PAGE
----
Dressed up like an armadillo rolled into a ball,
the avocado ripens on the sill.
When fleshy to the touch, it’s fit
for culinary feats: halved, then quartered,
clinging to its spherule core, it can be
sliced, diced, smashed, spread, mixed,
rendering a host of treats from toast
to guacamole, a joy for all who eat.
Persia Americana, family Lauraceae,
around the world its names a verbal feast:
aguacate, butter fruit, avo, palta, alligator
pear. As many names as uses.
Fruit of the Americas, it nurtured
Bolivar, Zapata, Albizu, Rigoberta,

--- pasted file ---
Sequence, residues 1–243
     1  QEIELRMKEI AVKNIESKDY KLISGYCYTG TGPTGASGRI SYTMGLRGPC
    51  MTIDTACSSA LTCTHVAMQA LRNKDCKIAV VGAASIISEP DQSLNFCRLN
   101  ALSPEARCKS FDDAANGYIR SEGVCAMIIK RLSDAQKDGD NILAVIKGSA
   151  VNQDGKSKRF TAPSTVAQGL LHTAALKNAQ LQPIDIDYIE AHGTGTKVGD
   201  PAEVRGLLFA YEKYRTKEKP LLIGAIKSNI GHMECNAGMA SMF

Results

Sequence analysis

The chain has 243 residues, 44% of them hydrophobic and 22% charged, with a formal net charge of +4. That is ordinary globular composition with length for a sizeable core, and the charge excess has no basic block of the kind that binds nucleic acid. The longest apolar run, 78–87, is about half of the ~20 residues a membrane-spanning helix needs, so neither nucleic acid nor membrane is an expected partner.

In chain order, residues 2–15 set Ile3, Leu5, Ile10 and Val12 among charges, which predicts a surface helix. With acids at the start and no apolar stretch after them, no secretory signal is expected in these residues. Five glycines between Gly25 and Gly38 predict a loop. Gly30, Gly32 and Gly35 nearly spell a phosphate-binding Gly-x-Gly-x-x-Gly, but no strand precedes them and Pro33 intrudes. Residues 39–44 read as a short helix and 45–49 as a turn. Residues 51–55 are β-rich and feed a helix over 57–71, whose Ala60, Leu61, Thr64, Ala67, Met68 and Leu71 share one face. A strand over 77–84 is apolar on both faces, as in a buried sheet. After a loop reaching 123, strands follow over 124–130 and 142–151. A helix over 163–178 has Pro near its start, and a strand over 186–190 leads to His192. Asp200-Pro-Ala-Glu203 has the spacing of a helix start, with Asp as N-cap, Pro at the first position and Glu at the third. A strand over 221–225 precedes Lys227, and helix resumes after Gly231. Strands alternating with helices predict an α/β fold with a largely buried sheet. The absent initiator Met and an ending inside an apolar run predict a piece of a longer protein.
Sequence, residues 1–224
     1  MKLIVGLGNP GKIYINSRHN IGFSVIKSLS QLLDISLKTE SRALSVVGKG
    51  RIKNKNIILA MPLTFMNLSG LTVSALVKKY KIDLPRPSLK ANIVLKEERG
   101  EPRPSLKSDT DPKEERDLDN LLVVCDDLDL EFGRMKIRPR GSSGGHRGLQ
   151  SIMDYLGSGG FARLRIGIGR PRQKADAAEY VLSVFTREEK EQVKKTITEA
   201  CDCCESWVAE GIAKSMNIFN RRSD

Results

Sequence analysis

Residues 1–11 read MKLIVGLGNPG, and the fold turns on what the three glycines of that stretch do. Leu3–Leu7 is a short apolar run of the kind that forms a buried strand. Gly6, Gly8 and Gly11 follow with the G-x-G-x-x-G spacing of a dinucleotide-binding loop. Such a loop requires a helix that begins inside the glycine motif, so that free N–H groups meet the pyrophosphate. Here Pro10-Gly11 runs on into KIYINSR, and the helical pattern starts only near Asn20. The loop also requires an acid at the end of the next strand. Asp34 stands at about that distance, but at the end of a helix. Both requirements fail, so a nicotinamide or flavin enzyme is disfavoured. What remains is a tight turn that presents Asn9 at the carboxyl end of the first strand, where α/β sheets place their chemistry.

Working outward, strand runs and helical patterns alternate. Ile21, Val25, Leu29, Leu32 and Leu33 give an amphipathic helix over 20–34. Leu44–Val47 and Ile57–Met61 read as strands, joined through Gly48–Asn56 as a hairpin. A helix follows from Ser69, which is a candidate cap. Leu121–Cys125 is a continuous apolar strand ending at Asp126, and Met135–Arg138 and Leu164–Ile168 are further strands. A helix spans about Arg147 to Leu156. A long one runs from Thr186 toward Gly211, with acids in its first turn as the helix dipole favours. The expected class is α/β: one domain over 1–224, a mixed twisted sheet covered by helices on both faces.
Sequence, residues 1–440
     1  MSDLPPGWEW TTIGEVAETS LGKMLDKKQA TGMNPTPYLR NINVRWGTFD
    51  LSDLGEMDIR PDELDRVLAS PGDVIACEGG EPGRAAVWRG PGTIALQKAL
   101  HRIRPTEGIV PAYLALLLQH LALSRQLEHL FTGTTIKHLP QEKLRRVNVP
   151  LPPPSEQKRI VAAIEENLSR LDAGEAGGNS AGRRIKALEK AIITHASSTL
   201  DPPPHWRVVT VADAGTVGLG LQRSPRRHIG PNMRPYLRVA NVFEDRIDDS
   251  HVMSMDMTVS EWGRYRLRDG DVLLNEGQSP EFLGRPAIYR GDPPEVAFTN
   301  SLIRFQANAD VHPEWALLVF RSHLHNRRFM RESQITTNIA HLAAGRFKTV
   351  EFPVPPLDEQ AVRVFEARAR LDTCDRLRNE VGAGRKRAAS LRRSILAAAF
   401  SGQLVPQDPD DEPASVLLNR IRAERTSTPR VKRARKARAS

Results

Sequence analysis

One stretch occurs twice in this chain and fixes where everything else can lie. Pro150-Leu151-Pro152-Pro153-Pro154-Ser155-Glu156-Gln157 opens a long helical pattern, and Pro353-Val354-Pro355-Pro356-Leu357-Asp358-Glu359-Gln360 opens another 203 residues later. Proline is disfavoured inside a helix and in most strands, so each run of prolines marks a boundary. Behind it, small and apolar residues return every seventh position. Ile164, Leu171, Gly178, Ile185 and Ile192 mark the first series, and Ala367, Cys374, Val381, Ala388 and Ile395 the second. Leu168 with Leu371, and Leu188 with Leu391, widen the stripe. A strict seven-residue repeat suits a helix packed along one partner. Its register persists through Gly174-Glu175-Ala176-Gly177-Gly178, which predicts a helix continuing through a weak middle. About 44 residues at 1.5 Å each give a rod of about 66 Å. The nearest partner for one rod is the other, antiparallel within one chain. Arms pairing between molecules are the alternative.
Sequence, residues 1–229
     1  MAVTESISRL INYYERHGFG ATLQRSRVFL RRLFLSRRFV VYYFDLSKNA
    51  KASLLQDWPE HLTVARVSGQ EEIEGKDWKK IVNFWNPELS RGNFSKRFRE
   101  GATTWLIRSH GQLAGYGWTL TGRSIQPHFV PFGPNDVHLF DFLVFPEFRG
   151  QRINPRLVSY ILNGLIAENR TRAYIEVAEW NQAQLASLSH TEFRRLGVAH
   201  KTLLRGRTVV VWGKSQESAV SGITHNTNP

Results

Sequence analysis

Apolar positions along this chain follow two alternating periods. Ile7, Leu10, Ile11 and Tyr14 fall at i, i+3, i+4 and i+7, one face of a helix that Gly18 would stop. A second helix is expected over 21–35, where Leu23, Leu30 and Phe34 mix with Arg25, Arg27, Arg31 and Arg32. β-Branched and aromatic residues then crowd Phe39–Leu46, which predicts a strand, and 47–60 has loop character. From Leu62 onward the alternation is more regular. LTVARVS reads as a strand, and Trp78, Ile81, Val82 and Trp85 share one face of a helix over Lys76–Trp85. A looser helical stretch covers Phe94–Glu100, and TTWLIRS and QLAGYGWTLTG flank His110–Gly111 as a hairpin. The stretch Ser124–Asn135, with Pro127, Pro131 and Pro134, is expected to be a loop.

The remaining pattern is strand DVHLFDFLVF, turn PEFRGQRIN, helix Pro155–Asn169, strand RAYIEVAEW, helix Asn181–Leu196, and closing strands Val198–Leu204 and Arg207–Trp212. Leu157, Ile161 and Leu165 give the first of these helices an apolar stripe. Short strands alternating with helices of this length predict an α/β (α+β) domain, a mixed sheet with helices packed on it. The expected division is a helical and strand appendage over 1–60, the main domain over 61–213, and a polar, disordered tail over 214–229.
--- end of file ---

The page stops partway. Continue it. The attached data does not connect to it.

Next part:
fed the pangs of countless
millions hungry for their rights.
Unassuming, humble, the avocado
is endowed with traits like those
of a cherished partner: stable,
nurturing, versatile, tasty.
How might the world be different if,
back in the day, those lovers shared,
instead of that shiny red globe,
this perfect fruit?
Mariana Mcdonald is a poet, writer, scientist, and activist. Her work has appeared in numerous publications, including poetry in Crab Orchard Review, Lunch Ticket, and The New Verse News. She lives in Atlanta.Discover more from Mariana Mcdonald.